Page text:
Welcome to the NDACC Lidar Working Group Website (hosted by NASA JPL)


The international Network for the Detection of Atmospheric Composition Change (NDACC) comprises more than 70 high-quality, research stations for observing and understanding the physical and chemical state of the upper troposphere, stratosphere and mesosphere, and for assessing the impact of changes in the stratosphere on the underlying troposphere and on global climate. While the NDACC remains committed to monitoring changes in the stratosphere with an emphasis on the long-term evolution of the ozone layer, its priorities have broadened considerably to encompass issues such as the detection of trends in overall atmospheric composition and understanding their impacts on the stratosphere and troposphere, and establishing links between climate change and atmospheric composition.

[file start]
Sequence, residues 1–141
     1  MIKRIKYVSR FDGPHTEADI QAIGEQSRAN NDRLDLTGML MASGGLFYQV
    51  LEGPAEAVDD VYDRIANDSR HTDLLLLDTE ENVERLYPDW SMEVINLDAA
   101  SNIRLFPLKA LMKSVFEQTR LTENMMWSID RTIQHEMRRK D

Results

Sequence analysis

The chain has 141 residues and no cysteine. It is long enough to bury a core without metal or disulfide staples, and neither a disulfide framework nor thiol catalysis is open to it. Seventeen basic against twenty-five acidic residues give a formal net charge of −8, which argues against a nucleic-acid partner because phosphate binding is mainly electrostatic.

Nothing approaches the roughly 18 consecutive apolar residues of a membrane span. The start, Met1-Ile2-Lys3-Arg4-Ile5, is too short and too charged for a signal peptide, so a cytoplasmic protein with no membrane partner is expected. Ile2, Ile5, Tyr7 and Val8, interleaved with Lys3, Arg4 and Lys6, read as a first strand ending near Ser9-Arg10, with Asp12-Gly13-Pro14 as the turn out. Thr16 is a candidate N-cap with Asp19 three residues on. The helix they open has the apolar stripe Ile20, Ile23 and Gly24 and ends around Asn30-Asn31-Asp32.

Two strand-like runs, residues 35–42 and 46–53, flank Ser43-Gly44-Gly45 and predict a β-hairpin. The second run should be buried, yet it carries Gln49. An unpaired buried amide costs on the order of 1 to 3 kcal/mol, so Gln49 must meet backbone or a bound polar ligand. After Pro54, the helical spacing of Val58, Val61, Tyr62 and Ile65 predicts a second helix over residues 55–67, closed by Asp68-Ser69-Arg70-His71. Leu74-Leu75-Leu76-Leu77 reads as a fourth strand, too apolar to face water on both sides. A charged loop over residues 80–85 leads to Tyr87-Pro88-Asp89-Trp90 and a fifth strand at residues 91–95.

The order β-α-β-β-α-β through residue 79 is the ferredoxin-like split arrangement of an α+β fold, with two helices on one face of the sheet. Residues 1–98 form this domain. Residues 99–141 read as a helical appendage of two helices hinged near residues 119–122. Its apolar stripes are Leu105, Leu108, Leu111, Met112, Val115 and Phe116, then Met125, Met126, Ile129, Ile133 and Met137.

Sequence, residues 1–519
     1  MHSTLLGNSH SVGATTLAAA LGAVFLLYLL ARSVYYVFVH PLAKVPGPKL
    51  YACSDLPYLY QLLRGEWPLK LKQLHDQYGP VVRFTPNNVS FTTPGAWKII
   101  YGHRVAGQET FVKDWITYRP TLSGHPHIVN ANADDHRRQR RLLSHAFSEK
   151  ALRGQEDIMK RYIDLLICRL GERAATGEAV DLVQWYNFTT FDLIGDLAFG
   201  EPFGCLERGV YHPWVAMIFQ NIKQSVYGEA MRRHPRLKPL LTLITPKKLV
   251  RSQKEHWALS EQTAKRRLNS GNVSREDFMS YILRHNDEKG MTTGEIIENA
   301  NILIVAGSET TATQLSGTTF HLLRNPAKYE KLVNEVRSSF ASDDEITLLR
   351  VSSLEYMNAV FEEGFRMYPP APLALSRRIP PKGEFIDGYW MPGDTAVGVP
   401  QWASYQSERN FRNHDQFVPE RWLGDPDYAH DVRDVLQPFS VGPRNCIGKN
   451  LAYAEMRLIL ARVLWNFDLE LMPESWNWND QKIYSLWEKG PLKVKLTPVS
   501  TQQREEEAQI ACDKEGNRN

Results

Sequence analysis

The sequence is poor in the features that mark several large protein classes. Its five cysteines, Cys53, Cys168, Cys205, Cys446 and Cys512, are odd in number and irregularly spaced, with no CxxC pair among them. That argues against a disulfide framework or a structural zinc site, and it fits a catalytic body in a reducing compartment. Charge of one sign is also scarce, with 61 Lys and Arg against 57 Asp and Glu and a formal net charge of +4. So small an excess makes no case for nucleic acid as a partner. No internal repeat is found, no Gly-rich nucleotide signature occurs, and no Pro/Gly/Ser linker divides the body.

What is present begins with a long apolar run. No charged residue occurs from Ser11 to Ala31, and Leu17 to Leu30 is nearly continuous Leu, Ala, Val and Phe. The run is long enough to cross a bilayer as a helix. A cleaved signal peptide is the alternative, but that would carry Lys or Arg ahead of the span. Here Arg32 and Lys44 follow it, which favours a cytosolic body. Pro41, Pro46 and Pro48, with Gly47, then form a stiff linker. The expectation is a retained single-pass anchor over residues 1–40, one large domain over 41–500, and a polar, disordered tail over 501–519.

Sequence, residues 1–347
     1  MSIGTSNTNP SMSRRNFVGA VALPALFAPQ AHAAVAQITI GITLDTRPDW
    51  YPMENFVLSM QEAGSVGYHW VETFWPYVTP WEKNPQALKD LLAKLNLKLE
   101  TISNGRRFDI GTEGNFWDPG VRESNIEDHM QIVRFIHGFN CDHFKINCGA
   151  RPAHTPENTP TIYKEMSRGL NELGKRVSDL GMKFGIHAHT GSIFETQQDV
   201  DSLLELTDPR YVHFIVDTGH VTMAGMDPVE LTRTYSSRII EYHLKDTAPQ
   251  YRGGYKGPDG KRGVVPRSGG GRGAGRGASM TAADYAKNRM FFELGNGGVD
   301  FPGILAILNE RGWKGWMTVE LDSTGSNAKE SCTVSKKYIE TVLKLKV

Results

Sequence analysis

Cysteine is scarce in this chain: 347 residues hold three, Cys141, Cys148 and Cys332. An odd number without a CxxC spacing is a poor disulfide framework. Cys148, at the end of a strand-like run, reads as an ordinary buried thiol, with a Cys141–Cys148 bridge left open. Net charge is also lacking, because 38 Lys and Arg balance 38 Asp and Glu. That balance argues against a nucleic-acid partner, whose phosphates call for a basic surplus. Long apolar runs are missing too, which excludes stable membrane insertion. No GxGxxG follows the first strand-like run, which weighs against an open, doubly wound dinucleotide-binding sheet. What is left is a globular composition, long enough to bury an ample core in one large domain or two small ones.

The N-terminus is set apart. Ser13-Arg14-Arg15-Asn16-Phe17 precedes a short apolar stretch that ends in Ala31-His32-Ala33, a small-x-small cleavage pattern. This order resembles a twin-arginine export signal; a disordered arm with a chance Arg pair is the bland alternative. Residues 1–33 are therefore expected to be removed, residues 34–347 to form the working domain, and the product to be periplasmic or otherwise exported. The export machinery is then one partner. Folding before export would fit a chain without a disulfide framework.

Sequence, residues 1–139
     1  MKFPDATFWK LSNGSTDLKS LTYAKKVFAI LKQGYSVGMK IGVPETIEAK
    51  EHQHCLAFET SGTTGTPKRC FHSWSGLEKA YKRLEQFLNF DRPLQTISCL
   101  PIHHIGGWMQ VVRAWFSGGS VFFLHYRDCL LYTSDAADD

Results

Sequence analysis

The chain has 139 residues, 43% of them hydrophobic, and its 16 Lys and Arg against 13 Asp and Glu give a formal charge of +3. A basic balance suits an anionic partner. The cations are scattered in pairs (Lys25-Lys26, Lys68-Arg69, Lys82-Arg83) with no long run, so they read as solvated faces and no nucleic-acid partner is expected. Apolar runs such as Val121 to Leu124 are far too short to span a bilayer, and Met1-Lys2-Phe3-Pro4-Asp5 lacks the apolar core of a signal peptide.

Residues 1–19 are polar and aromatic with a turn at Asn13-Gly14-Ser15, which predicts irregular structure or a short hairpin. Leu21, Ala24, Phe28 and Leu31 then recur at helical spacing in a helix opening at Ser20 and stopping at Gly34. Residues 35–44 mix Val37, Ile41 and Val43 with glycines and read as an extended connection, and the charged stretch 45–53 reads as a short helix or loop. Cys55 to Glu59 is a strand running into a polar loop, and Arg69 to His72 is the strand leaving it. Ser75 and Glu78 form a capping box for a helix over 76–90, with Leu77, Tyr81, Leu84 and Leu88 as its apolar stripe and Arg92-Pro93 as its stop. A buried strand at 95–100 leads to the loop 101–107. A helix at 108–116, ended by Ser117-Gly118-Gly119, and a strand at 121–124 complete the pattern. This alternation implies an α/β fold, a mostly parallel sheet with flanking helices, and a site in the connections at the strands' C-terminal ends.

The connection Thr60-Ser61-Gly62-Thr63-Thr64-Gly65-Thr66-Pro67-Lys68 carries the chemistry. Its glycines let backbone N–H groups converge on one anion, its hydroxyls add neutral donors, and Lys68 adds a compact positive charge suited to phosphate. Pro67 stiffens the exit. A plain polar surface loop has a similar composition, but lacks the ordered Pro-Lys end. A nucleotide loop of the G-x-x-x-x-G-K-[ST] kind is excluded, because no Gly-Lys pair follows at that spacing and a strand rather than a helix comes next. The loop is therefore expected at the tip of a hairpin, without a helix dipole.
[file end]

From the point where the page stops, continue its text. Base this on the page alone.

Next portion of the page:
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As part of NDACC, about thirty groundbased lidar instruments deployed worldwide are monitoring atmospheric ozone, temperature, aerosols, water vapour, and polar stratospheric clouds. Lidar, a laser-based active remote sensing technique has been used widely for several decades in environmental science and chemistry, and has contributed significantly to the validation of space-based measurements. More than forty scientists and engineers from around the world form the NDACC Lidar Working Group (LWG) to contribute to the network activities.

To ensure quality and consistency of the NDACC lidars operation and products, a number of protocols have been formulated covering such topics as validation, measurements and instruments intercomparisons, and theory and analysis. The members of the NDACC LWG are committed to follow the principles of these protocols, and the LWG meets every two years to review and coordinate the activities necessary to the valuable contribution of the lidars to NDACC.

The NDACC Lidar Working Group Website is hosted by the JPL-TMF Lidar Group.



What Measurements Do Lidars Contribute to NDACC?

NDACC Chart LWG